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Question: Mr President, why did you choose Yekaterinburg as the venue for this meeting?
Vladimir Putin: We want to broaden the geography of our meetings, and we think they should take place not only in Moscow and St Petersburg. The Urals is one of Russia’s most industrially developed regions. German companies are well represented here and are working actively. The governor told us today about the major projects the region has planned. German entrepreneurs and companies are involved in almost all of these projects. In terms of contracts, this represents tens of millions, and perhaps even hundreds of millions of euros.
The German Minister for Family, Elderly People and Youth Affairs also rightly pointed out that it is important today to broaden the geography of youth exchanges and other contacts. These exchanges should not be confined to young people from Moscow and St Petersburg, but should also be open for young people from other parts of Russia. In my opinion, bringing meetings like this one closer to the regions will help to address this task.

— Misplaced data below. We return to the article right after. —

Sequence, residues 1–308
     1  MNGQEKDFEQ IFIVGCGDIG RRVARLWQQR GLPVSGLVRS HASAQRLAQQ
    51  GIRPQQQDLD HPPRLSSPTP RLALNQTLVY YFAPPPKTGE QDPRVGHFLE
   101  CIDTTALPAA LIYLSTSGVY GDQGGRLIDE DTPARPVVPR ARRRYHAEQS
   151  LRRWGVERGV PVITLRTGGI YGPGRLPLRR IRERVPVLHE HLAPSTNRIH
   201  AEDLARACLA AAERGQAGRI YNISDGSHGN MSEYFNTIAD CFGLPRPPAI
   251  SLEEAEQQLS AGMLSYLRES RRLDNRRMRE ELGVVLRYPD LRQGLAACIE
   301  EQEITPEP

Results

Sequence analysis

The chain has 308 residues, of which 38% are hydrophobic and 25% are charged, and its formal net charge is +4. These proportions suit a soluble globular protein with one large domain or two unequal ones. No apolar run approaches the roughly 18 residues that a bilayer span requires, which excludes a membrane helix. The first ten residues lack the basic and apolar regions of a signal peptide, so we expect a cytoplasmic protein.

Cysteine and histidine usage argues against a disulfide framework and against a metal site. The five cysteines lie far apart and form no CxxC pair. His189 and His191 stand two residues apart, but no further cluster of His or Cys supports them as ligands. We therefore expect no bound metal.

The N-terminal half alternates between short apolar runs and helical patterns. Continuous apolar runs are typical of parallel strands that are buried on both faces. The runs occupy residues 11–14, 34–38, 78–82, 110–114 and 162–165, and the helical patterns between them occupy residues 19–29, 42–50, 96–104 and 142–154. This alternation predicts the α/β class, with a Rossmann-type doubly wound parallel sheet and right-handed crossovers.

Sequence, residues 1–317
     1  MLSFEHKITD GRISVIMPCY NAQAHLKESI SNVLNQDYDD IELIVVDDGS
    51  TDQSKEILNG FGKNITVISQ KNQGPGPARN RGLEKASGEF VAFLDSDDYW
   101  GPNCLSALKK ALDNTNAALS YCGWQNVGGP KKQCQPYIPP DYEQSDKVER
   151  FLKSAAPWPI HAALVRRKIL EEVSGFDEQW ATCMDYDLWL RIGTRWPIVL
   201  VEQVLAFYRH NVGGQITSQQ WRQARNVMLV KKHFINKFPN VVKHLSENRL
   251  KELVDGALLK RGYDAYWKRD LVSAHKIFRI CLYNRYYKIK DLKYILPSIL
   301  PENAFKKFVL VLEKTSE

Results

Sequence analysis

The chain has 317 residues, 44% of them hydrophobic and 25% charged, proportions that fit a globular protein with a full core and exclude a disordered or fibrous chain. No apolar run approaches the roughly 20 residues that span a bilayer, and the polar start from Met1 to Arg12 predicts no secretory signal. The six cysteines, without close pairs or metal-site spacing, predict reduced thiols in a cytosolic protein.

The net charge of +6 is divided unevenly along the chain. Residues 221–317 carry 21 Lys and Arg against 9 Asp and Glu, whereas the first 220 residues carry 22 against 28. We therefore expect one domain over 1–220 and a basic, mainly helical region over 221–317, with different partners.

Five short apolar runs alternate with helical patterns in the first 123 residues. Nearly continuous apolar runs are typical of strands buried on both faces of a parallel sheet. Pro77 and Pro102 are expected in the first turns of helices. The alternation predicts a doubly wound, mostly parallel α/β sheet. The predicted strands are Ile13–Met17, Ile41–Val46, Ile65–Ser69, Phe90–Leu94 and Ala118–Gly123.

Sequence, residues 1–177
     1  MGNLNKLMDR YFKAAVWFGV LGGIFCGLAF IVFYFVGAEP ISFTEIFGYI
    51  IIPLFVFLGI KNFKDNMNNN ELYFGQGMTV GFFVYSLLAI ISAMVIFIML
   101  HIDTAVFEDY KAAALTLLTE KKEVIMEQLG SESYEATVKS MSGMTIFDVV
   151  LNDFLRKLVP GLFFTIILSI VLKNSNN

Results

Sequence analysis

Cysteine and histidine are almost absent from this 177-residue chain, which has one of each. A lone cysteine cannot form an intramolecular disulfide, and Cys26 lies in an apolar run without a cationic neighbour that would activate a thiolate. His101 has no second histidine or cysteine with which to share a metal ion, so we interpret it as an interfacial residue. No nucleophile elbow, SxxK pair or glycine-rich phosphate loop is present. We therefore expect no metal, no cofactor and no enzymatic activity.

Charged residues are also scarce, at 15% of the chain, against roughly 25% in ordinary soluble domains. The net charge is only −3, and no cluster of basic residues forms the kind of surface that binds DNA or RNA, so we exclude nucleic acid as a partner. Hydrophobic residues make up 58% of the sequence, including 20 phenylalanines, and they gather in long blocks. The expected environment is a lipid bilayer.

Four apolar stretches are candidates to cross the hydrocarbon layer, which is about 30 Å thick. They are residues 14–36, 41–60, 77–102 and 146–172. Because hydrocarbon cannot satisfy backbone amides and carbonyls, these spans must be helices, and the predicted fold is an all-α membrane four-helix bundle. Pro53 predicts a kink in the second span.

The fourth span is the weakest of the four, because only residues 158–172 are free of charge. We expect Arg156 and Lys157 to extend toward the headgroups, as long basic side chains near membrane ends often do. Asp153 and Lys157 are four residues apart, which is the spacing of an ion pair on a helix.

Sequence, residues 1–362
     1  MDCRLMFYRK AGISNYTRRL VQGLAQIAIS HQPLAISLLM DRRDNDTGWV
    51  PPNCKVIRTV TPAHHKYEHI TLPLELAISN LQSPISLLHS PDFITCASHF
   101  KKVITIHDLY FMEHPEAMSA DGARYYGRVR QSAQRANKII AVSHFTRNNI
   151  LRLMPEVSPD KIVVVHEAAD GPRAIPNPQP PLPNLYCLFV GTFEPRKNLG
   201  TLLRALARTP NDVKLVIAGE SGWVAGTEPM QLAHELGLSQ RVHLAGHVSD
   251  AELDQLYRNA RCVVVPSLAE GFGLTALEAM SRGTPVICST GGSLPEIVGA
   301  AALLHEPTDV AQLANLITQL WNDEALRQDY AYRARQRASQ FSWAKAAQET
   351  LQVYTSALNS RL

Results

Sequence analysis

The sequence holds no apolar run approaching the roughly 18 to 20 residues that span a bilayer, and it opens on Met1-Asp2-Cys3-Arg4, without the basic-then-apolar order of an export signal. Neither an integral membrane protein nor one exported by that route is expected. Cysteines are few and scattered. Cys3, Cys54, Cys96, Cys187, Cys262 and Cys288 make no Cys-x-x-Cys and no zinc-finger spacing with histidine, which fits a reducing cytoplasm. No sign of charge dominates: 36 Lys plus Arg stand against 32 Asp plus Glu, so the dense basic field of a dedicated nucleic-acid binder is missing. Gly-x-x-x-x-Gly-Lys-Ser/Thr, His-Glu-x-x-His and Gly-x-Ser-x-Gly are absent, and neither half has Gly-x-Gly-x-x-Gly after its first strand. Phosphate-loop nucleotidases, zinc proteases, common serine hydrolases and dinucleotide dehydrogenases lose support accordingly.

Today Eduard Ergartovich [Rossel] showed us a little statue of the mistress of the Bronze Mountain, as was told in Bazhov’s tales. She is the keeper of the riches of the Urals and opens the way to these riches only to decent, honest and hard-working people, which definitely includes our German partners. On behalf of the governor and myself, I would like to present this silver statue to the Federal Chancellor.
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Question: Do you think it would be better to pass the new United Nations Security Council resolution on Iraq before the conference of donor countries takes place in Spain? And a second question: is Russia considering the possibility of using the euro as a currency for oil transactions?
Vladimir Putin: We would very much like to see the Security Council reach an agreement on the resolution before the conference. I think this would provide a good basis for the conference’s work. While still in New York, I told the Federal Chancellor and the French President that we would take part in the conference, most likely as an observer. We want to be informed about what is going on in this area. I think that Iraq is in need of very sizable funds, and their effective use is possible only if political settlement is achieved.